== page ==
The employee asserts that the trial court erroneously relied on testimony from Dr. Rom that was predicated upon inadmissible and expressly excluded hearsay testimony, specifically an expert's survey measuring the ambient dust in the employee's workplace. However, in its order of June 1991 the trial court expressly states that it did not rely upon this excluded testimony in reaching its conclusions. Additionally, Dr. Rom's medical opinions were based on factors other than simply the intensity of aluminum dust in the employee's workplace. As noted above, his diagnosis took into consideration the duration of the employee's exposure, as well as the results of pulmonary tests, the X-ray, and the CT-scan.

The employee also contends that even if he has not demonstrated that he contracted pneumoconiosis from his work for the employer, he may still recover on the basis that his on-the-job exposure exacerbated a prior condition. However, it was Dr. Rom's opinion that the employee was not actually suffering from a permanent or disabling lung disease. Furthermore, the employee's assertion that his affliction was caused or aggravated by his exposure during work for the employer was not uncontroverted. Not only did Dr. Rom attribute other causes to his symptoms, but there was testimony at trial from another welder who had worked near the employee indicating that there was not an excessive amount of aluminum particles in the air in the employee's workplace. As is also the case with pneumoconiosis, in order for a disease to be occupational, it must derive from hazards that are in excess of those ordinarily incident to employment in general and different in character from those found in the general run of occupations. Elmore County v. Hornsby, 533 So. 2d 620 (Ala.Civ. App.1988). See §§ 25-5-110(1) and -141, Ala.Code 1975.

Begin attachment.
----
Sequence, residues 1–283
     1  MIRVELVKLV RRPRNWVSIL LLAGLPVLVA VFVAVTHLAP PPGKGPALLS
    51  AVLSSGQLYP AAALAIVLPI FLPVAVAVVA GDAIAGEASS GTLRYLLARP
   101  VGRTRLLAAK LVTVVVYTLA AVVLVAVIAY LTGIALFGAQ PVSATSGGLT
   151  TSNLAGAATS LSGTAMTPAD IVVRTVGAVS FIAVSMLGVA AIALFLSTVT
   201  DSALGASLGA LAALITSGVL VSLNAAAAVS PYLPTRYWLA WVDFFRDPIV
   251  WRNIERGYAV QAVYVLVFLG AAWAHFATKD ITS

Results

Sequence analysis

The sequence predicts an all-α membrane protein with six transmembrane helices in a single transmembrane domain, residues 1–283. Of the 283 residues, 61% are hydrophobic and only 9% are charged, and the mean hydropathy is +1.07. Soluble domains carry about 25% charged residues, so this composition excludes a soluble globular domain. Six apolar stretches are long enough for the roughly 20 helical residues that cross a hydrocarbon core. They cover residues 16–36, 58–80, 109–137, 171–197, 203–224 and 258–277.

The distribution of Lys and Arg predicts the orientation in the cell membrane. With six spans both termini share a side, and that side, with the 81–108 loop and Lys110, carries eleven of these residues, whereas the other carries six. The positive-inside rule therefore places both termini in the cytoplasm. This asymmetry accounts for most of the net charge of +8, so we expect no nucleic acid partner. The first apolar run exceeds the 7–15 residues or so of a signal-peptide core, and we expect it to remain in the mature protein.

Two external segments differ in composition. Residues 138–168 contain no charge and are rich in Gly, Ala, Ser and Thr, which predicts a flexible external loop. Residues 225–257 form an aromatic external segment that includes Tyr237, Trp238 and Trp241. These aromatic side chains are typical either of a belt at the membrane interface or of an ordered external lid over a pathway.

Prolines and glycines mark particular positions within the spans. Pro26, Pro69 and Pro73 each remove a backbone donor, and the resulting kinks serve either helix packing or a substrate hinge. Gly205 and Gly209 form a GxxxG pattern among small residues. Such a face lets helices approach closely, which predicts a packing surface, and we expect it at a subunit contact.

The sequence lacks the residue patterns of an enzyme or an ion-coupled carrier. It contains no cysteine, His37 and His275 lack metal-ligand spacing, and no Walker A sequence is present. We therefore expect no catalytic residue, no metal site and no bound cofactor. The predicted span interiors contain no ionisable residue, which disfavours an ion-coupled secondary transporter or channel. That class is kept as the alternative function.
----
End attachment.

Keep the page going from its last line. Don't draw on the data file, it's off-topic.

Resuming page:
This court recognizes that the workers' compensation laws should be liberally construed and that all reasonable doubts should be resolved in favor of the employee; however, the burden of proving the case is still on the plaintiff. Tiger Motor Co. v. Winslett, 278 Ala. 108, 176 So. 2d 39 (1965).

If any legal evidence supports the trial court's findings and any reasonable view of that evidence supports the trial court's judgment, this court will affirm. Eastwood Foods, 575 So. 2d 91. In the instant case there is legal evidence that the nature and symptoms of the employee's affliction are inconsistent with the respiratory ailments caused by aluminosis or pneumoconiosis and that the employee's affliction was not caused or aggravated by his exposure to aluminum dust in the workplace. Because a reasonable view of this evidence supports the trial court's judgment, we must affirm that judgment.


ROBERTSON, P.J., and THIGPEN, J., concur.